In what will be a tour de force in the field of psychiatry in all its complexity and depth, this important new volume explores the essential paradox of psychiatry-and offers a balanced understanding of its history and development in the medical world. Much is written about psychiatry, but very little that describes psychiatry itself. Why should there be such a need? For good or ill, psychiatry is a polemical battleground, criticized on the one hand as an instrument of social control, while on the other the latest developments in neuroscience are trumpeted as lasting solutions to mental illness. Which of these strikingly contrasting positions should we believe? This is the first attempt in a generation to explain the whole subject of psychiatry. In this deeply thoughtful, descriptive, and sympathetic book, Tom Burns reviews the historical development of psychiatry, throughout alert to where psychiatry helps, and where it is imperfect. What is clear is that mental illnesses are intimately tied to what makes us human in the first place, and the drive to relieve the suffering they cause is even more human. Psychiatry, for all its flaws, currently represents our best attempt to discharge this most human of impulses. It is t something we can just igre. It is our necessary shadow.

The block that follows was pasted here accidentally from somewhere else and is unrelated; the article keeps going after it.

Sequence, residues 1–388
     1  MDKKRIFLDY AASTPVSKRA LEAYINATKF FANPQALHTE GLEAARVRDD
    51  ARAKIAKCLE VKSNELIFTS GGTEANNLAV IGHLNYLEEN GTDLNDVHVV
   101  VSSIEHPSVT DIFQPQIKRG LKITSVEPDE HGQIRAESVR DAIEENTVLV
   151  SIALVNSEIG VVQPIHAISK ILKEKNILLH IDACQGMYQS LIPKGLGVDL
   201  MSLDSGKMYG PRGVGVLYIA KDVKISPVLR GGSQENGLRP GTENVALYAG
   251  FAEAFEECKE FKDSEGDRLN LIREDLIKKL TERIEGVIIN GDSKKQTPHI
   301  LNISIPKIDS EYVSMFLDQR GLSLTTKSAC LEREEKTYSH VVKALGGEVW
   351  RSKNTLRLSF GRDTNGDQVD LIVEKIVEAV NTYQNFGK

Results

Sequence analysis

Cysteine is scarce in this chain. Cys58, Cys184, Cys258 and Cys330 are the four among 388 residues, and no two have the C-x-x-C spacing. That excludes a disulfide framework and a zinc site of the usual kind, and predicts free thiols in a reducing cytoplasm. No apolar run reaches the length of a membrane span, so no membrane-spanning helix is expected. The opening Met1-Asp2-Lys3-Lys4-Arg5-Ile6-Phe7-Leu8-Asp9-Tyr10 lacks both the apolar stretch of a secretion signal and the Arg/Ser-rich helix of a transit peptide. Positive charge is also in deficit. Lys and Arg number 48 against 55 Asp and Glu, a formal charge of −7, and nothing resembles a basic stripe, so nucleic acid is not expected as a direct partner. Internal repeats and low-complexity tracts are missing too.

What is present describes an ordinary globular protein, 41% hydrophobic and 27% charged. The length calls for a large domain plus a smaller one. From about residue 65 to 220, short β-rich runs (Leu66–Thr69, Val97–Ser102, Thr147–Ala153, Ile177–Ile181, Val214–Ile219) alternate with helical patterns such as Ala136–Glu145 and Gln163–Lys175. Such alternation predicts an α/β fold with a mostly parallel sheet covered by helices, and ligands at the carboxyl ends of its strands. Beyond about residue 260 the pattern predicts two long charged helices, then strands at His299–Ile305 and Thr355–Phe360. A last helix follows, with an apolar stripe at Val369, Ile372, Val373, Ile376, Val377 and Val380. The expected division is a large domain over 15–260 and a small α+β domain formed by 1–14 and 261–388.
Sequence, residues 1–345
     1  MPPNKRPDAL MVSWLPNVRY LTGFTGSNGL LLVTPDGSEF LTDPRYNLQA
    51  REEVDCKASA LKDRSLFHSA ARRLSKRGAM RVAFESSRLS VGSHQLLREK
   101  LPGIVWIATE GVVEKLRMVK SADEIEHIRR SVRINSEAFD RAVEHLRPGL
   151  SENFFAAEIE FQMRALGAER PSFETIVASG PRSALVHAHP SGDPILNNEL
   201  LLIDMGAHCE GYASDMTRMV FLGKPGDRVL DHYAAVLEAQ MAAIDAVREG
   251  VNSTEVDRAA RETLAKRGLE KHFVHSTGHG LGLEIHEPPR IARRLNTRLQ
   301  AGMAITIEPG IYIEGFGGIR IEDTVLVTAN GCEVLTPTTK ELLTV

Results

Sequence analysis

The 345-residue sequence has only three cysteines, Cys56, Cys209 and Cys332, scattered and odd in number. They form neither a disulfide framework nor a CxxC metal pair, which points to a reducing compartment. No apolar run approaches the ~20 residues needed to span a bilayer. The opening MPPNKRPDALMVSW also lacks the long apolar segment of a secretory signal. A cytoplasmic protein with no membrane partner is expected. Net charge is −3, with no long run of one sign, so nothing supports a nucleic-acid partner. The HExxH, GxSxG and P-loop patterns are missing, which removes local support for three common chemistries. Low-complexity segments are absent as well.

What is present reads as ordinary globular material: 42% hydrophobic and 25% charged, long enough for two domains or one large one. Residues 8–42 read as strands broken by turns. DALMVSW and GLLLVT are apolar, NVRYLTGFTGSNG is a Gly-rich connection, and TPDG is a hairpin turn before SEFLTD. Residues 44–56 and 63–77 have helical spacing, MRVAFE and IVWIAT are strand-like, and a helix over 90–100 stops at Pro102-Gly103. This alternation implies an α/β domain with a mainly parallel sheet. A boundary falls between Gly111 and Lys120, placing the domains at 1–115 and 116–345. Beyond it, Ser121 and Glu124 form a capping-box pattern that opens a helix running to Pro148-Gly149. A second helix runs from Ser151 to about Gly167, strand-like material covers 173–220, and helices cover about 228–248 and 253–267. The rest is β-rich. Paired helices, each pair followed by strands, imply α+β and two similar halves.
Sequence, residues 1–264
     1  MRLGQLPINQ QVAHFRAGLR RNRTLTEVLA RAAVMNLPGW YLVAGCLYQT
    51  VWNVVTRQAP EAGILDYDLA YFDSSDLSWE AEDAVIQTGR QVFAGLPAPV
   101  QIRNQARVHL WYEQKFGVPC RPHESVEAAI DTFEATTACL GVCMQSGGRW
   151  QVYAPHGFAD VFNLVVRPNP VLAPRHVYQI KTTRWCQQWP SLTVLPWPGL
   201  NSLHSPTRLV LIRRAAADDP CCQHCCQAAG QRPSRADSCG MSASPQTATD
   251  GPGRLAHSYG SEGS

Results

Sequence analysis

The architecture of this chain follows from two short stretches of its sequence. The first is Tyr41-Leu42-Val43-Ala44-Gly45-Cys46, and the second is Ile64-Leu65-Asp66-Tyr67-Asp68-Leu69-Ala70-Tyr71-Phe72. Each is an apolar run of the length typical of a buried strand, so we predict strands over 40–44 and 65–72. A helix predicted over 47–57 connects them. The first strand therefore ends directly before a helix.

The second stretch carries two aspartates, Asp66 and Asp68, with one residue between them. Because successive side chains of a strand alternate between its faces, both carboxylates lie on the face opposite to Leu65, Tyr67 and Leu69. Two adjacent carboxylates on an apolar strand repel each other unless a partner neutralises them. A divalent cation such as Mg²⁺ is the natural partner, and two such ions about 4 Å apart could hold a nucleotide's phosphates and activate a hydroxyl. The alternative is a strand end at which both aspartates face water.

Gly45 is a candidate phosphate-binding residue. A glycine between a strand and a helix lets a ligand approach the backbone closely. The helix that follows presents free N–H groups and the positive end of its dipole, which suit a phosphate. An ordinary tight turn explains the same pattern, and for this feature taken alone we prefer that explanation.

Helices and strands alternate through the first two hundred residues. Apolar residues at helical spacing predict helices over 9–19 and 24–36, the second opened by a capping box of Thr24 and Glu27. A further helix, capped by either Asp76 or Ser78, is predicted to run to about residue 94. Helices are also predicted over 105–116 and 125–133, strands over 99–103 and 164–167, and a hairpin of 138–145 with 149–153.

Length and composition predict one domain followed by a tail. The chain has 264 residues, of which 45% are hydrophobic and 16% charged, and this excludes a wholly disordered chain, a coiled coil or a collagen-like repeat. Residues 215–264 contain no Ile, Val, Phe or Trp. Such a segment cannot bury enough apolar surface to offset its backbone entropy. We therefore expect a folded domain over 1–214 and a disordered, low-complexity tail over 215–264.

Tom Burns is Professor of Social Psychiatry at Oxford University. In addition to his clinical and teaching work, he has produced nearly two hundred peer-reviewed scientific articles. He lives in England.